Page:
Saga #7 Review
By Zak Edwards
November 21, 2012 - 18:01
Writer(s): Brian K. Vaughan
Penciller(s): Fiona Staples
Letterer(s): Fonographiks & Fiona Staples
On Remembrance Day this year in Toronto, the time of year that Canada remembers the soldiers and citizens who have died in the wars Canada has been a part of, two women held up a banner that asked Canadians to remember the 512 Afghan citizens that died as a result of Canadian military action in Afghanistan this year. The reaction, from the citizens of the self-described most diverse city in the world, was ashamedly familiar: questioning if these people were “Taliban sympathizers” (Toronto Sun), shouting for them to go back home, physical violence, and generally racially-motivated hatred. Of course, the most predictable move happened too quickly: “The war dead gave them the right [to free speech]” (Toronto Sun, again) suggests a couple of things: that these women have the freedom to be exactly what we expect of you and that they are free to choose this singular option. Remember the war dead, these reactions instruct, the ones deemed worthy of remembering, because under the logic of these reactions, the war dead are not the people murdered in Canadian military action, those ones are to remain unregarded. Those Afghan citizens who are asking to be remembered are barred from consideration. This refusal to see the price by polarizing and ignoring has a long history. Think of the Statue of Liberty. Now think of the French painting “La Liberté guidant le peuple” ("Liberty Leading the People", pictured below). Isn’t it convenient that Liberty has now been divorced of the dead on whom she once stood?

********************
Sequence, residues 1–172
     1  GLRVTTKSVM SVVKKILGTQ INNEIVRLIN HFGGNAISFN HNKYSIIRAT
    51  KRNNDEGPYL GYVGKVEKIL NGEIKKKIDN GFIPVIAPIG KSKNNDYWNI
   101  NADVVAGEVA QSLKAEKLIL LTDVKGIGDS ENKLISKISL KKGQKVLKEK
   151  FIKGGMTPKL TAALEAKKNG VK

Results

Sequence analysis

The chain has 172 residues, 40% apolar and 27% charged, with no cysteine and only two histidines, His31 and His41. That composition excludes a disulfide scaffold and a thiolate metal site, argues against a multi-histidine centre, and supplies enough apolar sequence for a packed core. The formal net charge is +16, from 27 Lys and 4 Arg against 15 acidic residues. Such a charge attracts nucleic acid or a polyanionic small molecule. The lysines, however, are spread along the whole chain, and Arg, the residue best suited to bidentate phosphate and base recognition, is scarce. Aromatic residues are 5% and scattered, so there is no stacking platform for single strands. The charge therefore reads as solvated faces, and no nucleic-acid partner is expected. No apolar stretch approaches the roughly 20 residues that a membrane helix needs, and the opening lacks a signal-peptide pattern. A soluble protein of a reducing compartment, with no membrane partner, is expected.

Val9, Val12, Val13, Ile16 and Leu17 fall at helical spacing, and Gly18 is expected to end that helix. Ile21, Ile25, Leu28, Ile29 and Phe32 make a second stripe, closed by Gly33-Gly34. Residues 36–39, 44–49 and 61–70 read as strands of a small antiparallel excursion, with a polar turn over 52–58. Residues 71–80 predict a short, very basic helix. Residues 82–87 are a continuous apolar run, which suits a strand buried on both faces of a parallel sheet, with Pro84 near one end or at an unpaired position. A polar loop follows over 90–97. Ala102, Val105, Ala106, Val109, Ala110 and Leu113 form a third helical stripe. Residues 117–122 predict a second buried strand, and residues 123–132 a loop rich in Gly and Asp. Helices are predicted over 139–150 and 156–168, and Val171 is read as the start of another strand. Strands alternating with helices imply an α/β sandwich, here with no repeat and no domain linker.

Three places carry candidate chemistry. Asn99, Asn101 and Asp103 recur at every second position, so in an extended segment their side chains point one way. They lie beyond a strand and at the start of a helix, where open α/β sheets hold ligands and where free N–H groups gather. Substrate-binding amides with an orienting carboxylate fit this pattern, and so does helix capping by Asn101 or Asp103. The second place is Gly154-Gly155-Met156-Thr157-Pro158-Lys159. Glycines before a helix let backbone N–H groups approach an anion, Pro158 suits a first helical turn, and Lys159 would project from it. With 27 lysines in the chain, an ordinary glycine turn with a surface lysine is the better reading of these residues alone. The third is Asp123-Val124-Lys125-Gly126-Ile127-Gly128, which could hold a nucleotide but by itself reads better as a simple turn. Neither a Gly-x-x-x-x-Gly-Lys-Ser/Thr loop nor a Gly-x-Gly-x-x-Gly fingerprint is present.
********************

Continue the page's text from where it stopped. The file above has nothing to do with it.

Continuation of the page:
It is interesting that Brian K. Vaughan begins this issue of Saga, a series that takes war very seriously, starts with an all too familiar scene. The opening pages describe a memorial ceremony where the earth itself forces protagonist Marko to remember the war and bloodshed. “Never Forget” is the lesson; but unlike Canada’s vague threat we see every year of “Lest We Forget”, the sentence here is finished: “Never forget the countless heroes who sacrificed so much; but, more importantly, never forget those evil f*cks” who did this (That is a direct quote from the book). The issue then cuts to the present. Marko hasn’t forgotten, he truly hasn’t, but he’s tried to do something beyond remembering. He married one of those f*cks and is doing something our current memorializing cannot do: peace.
I went to school with a German exchange student a few years ago and I remember a story she told of her uncle in World War 2. Conscripted and then abandoned after the Allies retook France, he walked home, living in barns, scrounging for food the entire way. And when he finally arrived home, he knocked on the door. His father answered and shut the door in his son’s face. Now, can we still hate that man (if my memory serves, he was nineteen)? Must he stand in for the entirety of the war crimes of World War 2, both those we like to forget (Dresden, for example) and those we memorialize? I think Saga, not only an extremely enjoyable read, is asking many big questions of us here, which is really what all great literature should do.
And maybe I’m inviting a torrent of disgust on me here. I would certainly encourage you to use the comments section below to have a conversation about this. I would ask to keep things respectful.
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